The greatest benefit of FG use during aqueous shunt surgery is a reduction in the operative time. In our institution, ~300 aqueous shunt procedures are performed per year of which ~130 are performed by fellows and 170 by consultants. In this study, we have observed, on average, the use of FG during aqueous shunt surgery, reduces the surgical procedure time by 11 min, although the degree of reduction in operating time appears to be inversely related to the seniority of the surgeon, with 33 min being saved for fellows and 9 min saved for consultants. This amounts to a potential total time saved of 5732 min (95.5 h) over the course of 12 months (Table 3). At the time of the study, the approximate cost of 60 min of theatre time was £1300 and therefore, from a financial perspective, this amounts to £124,150. Alternatively, the time saved could be utilised to perform other glaucoma procedures (such as cyclodiode laser or bleb needling) or cataract surgery. As cataract surgery is the commonest performed ophthalmic procedure, we have used this procedure to create a hypothetical illustration of the potential income generated from the time saved. However, the illustration could also be applied to income gained from performing additional glaucoma procedures such as cyclodiode laser or bleb needling. Assuming that a routine phacoemulsification and lens implant takes 30 min of operating theatre time, the time saved from the use of FG could potentially free operating theatre space for an additional 191 extra phacoemulsification cases in 1 year at our institution. Based on the national cataract tariff less the cost of consumables required for cataract surgery, each cataract case could earn our institution £415 pounds, amounting to a net income of £79,265. Although FG is relatively expensive costing £117 (cost to the National Health Service at the time of the study), this cost is outweighed by the ability to use the time saved to perform extra surgical cases to generate extra income. Table 4 shows a theoretical computation showing that after deducting the cost of FG, the net potential income gained from being able to use the time saved for cataract surgery is significant.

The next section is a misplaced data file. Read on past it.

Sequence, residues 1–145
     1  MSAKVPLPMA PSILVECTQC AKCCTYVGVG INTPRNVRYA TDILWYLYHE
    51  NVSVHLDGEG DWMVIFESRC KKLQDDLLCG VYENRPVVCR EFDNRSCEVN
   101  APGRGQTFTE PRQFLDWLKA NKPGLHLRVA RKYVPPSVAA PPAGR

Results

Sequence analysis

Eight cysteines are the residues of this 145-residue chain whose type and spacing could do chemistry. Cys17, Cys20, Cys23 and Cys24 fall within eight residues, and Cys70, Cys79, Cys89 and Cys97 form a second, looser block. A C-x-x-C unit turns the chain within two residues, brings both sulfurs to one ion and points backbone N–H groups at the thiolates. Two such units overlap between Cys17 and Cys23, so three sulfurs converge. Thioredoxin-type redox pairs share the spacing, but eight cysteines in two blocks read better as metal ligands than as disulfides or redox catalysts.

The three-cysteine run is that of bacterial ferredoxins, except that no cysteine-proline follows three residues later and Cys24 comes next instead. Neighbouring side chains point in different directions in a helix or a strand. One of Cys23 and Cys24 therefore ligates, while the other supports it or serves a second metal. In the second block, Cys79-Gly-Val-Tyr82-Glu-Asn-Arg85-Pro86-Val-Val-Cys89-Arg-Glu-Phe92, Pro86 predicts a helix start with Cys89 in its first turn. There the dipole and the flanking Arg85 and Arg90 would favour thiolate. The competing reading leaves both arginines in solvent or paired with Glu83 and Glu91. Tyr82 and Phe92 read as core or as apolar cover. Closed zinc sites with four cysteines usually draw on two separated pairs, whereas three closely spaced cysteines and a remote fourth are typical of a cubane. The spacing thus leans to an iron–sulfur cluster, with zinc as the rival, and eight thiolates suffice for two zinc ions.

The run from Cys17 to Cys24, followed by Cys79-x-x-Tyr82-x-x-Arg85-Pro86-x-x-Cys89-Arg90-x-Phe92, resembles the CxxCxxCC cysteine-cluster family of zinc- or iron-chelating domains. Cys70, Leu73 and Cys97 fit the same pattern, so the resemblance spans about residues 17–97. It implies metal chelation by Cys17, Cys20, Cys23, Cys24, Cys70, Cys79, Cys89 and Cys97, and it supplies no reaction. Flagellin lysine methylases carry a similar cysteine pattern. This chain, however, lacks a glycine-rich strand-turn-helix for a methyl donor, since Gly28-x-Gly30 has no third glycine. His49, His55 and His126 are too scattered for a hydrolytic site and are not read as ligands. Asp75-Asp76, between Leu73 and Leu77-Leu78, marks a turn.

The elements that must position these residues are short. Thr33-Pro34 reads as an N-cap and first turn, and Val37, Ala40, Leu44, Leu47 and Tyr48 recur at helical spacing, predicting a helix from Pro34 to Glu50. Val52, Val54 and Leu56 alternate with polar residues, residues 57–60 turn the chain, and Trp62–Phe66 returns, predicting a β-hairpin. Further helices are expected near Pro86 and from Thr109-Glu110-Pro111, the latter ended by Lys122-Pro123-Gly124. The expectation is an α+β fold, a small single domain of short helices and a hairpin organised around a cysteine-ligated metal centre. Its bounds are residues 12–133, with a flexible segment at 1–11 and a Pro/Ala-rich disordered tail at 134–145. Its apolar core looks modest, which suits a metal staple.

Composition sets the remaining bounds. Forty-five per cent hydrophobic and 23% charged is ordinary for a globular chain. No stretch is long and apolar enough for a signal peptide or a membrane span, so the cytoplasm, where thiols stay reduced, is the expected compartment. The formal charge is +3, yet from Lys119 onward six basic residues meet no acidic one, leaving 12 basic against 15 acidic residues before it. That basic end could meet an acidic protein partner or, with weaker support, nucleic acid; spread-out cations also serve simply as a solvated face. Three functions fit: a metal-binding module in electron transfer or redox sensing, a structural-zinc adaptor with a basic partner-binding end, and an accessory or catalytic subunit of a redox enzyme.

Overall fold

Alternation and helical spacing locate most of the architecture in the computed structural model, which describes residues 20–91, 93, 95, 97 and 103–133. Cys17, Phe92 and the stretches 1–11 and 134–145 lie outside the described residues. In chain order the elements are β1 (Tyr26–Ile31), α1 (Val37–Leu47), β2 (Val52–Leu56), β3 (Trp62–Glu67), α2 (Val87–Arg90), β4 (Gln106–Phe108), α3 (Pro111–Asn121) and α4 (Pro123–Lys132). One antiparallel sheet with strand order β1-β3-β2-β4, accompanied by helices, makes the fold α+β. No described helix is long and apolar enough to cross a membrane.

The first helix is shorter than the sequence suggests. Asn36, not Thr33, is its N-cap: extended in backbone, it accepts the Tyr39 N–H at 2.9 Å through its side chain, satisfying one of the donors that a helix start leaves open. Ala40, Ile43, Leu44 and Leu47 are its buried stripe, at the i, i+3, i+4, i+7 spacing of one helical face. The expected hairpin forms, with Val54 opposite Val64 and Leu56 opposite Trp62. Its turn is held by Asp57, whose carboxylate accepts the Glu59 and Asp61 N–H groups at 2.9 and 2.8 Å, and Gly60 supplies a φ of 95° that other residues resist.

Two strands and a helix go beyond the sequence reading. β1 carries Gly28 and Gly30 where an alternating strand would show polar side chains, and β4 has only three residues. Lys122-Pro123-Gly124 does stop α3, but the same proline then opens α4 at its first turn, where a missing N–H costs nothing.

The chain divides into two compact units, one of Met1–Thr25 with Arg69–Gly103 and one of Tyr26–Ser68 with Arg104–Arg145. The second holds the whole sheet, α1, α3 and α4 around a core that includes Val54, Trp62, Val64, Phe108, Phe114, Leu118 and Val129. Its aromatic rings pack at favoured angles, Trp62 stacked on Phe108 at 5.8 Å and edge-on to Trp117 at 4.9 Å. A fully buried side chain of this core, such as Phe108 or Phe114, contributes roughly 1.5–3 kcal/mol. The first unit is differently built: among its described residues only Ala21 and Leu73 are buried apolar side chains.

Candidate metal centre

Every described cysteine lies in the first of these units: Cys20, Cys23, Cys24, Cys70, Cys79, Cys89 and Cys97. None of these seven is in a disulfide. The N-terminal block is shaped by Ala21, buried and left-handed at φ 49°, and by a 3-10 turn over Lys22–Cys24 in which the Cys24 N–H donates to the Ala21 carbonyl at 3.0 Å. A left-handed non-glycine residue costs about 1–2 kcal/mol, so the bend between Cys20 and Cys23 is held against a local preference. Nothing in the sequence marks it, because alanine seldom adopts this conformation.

Table 3 Potential time saved per operating surgeon.
Table 4 Calculation of potential incomea.

Although post-operative conjunctival inflammation assessment and patient discomfort did not form part of the study, it is of the author’s view, that the use of FG induced less post-operative conjunctival inflammation and discomfort (presumed due to the very limited use of sutures). This is supported by the findings by Kahook and Noekar [8] who found that conjunctival inflammation was statistically significantly lower in the FG group compared with the CS group. Furthermore, the use of FG obviates the need to trim/remove conjunctiva sutures post-operation—which are often the cause of patient discomfort and anxiety.

Despite the benefits of FG, it has some caveats to its use, such as: the potential risks of infection (namely viral and CJD) and hypersensitivity, the need to ensure timely approximation of tissues during use, risk of conjunctival retraction and the cost.

The main limitations of our study, is its retrospective nature, with cases non-randomised to either group. Further randomised studies are required to assess conjunctival inflammation and patient reported outcomes (namely discomfort).


What was known before

  • FG used successfully for treating peri-tubular leak FG could be used for securing the patch graft and conjunctival closure in aqueous shunt surgery (in a small case series) but larger studies were required.

What this study adds

  • Large study showing that FG use can significantly reduce the duration of aqueous shunt surgery The time saved, allows teams to increase theatre capacity at a time when theatre time/space is often limited.